25/01/2021

Relativising sexual violence

3 min
The hand of a demonstrator at the Place de la Republique in Paris, 29 October 2017
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The appearance of La familia grande by Camille Kouchner, who accuses her stepfather of repeatedly raping her twin brother when he was a teenager, has fallen like a bomb in France. This is not the first published testimony on child sexual abuse that can be described as incest, but it has now had an unprecedented impact - prompting even the French Senate to return to deliberations on further legal measures to protect children - not by chance but for various reasons

First, it has positioned itself in the furrow of the #MeToo movement, creating its counterpart #MeTooInceste, which collected thousands of testimonies from incest victims in just a couple of days. If #MeToo freed the word of many people who had not dared to denounce abuse, this new movement has allowed others to dare to express aloud deep wounds with which they had lived, often for many years. Another circumstance that has amplified the statements of the author of the book is that both she and the accused, Olivier Duhamel, belong to a social and economic elite that many identify with Champagne socialists. Attributing to a certain left the permissiveness that would justify the sexual abuse of minors is quite frequent - forgetting the transversality of the phenomenon - as well as assimilating, wrongly in my opinion, the so-called "sexual revolution" of the sixties and seventies with a kind of sexual "open bar". And, finally, the rise of the feminist movement in France - as in the Spanish state - is no stranger to this debate: feminists thus underline the weight of structural sexism on the silence and inaction that often accompany incest and sexual violence. The fact that more than 95% of the people who commit these acts against minors are men is not considered accusatory evidence against the gender nor male sexuality, but rather evidence of this collective burden.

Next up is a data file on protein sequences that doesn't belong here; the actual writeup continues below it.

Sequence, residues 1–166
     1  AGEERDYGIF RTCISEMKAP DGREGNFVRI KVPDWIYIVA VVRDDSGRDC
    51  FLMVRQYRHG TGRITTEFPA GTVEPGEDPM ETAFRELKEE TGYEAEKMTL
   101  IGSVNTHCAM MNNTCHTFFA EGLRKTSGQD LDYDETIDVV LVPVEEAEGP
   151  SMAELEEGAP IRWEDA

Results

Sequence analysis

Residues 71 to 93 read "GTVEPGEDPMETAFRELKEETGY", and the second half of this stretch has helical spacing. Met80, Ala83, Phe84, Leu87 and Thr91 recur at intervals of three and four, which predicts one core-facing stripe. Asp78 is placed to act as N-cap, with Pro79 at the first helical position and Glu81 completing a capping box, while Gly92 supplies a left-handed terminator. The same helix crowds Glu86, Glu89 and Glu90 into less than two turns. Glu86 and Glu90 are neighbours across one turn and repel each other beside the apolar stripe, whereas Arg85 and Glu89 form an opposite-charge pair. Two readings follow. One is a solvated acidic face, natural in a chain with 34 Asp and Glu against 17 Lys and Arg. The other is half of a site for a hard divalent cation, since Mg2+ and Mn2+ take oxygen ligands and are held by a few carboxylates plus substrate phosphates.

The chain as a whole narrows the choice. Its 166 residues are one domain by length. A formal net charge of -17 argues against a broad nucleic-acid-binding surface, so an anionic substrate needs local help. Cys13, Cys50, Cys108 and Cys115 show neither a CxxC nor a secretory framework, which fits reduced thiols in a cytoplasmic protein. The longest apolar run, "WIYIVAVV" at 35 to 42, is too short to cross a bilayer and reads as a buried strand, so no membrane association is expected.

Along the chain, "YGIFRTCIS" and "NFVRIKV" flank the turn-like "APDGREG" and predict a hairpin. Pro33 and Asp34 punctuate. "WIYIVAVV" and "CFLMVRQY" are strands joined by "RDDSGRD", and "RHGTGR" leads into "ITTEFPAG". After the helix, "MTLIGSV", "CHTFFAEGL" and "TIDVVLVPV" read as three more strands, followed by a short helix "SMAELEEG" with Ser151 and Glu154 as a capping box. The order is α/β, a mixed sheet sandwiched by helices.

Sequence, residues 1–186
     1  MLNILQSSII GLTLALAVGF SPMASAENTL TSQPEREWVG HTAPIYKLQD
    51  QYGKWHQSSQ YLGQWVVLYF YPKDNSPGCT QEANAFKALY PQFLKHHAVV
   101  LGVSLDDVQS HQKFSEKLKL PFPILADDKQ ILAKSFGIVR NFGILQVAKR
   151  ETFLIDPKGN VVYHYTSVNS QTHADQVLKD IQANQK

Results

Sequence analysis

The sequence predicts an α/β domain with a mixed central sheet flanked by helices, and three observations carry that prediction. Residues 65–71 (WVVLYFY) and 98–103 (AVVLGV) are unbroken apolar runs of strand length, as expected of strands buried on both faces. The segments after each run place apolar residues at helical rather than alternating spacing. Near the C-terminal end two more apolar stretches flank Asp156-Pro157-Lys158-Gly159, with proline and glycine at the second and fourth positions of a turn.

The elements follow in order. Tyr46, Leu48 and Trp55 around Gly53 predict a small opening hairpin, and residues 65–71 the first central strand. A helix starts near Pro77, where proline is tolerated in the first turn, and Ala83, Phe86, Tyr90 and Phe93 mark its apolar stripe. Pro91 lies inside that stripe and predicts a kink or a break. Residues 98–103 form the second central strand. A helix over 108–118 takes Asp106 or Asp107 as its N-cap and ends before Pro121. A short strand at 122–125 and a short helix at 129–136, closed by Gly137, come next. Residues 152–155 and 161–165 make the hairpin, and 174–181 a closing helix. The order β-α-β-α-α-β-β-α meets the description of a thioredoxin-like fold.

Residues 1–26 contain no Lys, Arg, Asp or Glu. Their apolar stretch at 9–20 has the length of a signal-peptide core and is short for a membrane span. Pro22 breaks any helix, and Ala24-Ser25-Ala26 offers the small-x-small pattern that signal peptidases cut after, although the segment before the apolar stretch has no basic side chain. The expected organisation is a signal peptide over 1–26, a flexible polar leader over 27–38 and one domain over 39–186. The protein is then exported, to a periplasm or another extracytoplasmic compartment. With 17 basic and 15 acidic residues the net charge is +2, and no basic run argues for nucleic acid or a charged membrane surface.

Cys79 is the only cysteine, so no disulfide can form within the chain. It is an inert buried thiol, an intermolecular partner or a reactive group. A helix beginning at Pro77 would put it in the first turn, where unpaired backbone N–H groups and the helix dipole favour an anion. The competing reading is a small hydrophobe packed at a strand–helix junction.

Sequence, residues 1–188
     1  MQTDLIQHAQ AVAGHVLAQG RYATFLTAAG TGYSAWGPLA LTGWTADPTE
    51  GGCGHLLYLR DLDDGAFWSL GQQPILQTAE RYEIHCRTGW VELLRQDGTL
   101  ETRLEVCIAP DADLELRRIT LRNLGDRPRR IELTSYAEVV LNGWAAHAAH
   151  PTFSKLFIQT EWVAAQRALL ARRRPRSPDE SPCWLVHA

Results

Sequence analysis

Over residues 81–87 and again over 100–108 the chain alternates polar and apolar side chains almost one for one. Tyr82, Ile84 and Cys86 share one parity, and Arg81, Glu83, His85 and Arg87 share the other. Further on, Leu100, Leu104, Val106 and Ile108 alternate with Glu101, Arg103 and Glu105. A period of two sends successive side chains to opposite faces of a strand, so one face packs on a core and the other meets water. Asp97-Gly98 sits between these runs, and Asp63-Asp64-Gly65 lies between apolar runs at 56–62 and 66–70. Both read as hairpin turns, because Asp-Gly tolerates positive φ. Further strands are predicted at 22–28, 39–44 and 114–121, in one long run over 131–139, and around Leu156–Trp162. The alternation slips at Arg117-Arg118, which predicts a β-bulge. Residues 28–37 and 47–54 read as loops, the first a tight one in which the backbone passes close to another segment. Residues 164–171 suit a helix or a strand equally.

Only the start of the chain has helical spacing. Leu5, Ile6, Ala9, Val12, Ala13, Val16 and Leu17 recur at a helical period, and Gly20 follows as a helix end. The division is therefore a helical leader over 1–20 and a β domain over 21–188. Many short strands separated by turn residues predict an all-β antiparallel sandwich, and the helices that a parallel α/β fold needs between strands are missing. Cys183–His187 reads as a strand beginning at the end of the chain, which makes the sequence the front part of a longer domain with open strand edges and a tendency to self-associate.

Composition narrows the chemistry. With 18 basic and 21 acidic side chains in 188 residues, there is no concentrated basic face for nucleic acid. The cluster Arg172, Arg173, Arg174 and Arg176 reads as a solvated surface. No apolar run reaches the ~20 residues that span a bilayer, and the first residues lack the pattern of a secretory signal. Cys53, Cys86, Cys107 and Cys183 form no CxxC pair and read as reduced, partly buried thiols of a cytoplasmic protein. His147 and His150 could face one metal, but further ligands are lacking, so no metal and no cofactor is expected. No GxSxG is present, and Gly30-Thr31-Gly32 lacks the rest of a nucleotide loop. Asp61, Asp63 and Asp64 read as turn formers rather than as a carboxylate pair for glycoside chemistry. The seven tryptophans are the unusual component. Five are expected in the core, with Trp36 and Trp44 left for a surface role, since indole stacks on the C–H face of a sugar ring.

Furthermore, the explosive set off by Kouchner has had side effects, including two media-related dismissals. A television channel has expelled one of its talk show hosts, Alain Finkielkraut - a media philosopher who has followed the same path as certain intellectuals of the aforementioned elite, from the political orbit of the left to a conservative position - for having wondered if the victim of the Duhamel case consented to this relationship with his stepfather. The next day, the newspaper Le Monde published a cartoon by one of its cartoonists, Xavier Gorce, in which one character asks another a complicated question: "If I have been abused by the adopted half-brother of my father's partner, who is a transsexual and has become my mother, is this incest?" Social networks were immediately inflamed, and the newspaper's management also invited the cartoonist - who justified the cartoon by saying it was a critical allusion to the Finkielkraut statements - not to collaborate any further

These two decisions have once again led to controversy: can the philosopher and the humorist be considered victims of censorship due to the much-feared political correctness? And the old question has also resurfaced: is it legitimate to joke about any subject? The immediate answer to this question is yes, since not putting up barriers to humour seems to be a sign of individual and collective mental health, and of not suffering from personal or democratic insecurity. Those who say that the right not to be offended does not exist are right: critical humour always offends someone and makes someone else laugh (and reflect), and this does not make it illegitimate. However, we know from experience that sometimes behind a joke lies a mocking aggression and, above all, that the sense and effect of humour depends on who is practising it, in what circumstances, who for and in what way. Few humorists today would dare to make fun out of the very high number of people who have disappeared because of covid and the mourning that these deaths have caused.

The same reasoning can be applied to the question of consent (we also recall Vanessa Springora's writings against the writer Gabriel Matzneff, entitled precisely Consent). It is very logical to ask, from philosophy, justice or feminist thought, what the definition and limits of consent are, but is this the same as doing it in a talk show, talking about a specific case that affects a teenager and their parent and guardian? Both Finkielkraut's commentary and Gorce's cartoon can be interpreted as a trivialisation of incest (in the latter case, made a mockery of the new forms of family, of trans people and of lesbianism), in the sense of finding mitigating circumstances in an event that is totally reprehensible.

Marta Segarra is research director at the CNRS (Centre National de la Recherche Scientifique)

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